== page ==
July 02, 2015

Q: My boyfriend has primary custody of his 3-yr daughter. Lately we have been experiencing problems with her at bedtime when she comes back from her mothers house. She refuses to sleep alone. We found out that she sleeps in the same bed as her mother the entire time she is there due to the fact she does not have an extra room for her to sleep in. She says she is 'scared' and we tell her that there is nothing to be afraid of. How can we make this easier for all of us?

A: Dear Mott669:

Your boyfriend's 3 year old daughter is naturally loyal to her own mother and to her mother's way of doing things. It is not unusual for 3 year olds to sleep in their mother's beds, especially if we look at families all over the world. So this little girl is only insisting on things as she is used to them. And also, it must be hard for her to understand why Mommy and Daddy are not together, and how she can control the world of grown-ups so that things seem more predictible. Her feeling "scared" at night may reflect her insecurity about the important people in her life, and her anxieties about what has happened to her family and about who is going to take care of her. The visits with her mother are important on one hand, but further disrupt the little girl's routine. So she must have many questions about what it all means, which are hard for someone of 3 years to sort out properly.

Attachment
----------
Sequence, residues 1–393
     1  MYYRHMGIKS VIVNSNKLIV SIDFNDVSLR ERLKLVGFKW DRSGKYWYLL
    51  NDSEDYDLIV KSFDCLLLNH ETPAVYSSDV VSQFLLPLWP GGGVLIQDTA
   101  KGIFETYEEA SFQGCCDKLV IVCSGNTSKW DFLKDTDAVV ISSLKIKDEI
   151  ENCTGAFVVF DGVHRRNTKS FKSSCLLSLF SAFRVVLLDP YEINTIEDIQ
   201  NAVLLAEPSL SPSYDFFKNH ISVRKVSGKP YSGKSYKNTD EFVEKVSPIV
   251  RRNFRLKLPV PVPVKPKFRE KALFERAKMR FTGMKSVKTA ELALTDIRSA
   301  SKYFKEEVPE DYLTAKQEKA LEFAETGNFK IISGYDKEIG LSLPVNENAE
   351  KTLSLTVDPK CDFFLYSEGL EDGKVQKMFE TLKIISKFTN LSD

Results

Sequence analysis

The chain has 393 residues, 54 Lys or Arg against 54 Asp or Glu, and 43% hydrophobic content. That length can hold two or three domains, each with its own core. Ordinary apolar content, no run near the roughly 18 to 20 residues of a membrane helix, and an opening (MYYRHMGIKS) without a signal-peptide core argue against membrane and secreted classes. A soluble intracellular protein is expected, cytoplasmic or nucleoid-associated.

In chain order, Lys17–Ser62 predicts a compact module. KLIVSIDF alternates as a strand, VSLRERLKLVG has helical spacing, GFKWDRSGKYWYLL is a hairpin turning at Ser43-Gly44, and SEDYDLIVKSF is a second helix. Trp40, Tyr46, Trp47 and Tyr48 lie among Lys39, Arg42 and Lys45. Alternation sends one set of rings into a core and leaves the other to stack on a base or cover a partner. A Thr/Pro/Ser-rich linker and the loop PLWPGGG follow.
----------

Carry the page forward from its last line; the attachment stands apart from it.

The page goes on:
For these reasons, sleeping in your bed may be the only solution for a time. You can help her gradually transition to her own bed and her own room by putting her to bed and promising to stay with her (sitting quietly nearby and telling her kindly that it is time to sleep, not time for conversation) until she falls asleep. Then you can sneak out of the room. If she is worried and frightened, her fright will keep her alert and wakeful--then she'll never get to sleep! So given the overall situation, you will have to "go with it" and try to be as soothing as you can, until she is more comfortable. This may take a while.

Perhaps you can cheerfully suggest that her mother purchase a little cot so that her daughter can sleep near her, but not in the same bed. But her mother may not want to make this change, which is her right.

Answered by Dr. Elizabeth Berger